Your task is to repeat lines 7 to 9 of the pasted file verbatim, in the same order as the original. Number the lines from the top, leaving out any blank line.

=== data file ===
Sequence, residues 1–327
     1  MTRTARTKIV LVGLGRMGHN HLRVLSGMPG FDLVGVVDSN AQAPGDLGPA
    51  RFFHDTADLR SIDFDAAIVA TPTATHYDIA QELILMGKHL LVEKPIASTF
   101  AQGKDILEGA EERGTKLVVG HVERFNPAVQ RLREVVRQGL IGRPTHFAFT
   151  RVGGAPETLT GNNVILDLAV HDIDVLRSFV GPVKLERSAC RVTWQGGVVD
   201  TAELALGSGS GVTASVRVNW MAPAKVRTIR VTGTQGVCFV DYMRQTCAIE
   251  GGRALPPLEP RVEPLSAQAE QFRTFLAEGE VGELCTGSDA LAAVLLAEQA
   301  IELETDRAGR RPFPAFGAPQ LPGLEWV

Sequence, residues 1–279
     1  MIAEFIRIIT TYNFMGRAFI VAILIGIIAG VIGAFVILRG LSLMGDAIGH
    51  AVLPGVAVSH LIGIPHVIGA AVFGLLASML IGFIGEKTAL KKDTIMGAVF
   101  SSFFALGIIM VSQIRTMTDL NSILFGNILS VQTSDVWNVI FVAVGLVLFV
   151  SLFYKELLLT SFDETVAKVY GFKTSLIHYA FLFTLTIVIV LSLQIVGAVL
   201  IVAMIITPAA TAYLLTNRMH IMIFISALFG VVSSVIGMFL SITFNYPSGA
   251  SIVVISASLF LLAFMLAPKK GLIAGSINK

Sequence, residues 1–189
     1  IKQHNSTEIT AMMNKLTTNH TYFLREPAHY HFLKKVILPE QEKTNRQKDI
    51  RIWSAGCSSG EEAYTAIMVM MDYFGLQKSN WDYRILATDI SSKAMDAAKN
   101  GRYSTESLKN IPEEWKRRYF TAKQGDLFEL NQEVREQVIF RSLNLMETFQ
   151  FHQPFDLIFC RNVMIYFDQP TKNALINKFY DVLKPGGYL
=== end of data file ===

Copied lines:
   251  GGRALPPLEP RVEPLSAQAE QFRTFLAEGE VGELCTGSDA LAAVLLAEQA
   301  IELETDRAGR RPFPAFGAPQ LPGLEWV

Sequence, residues 1–279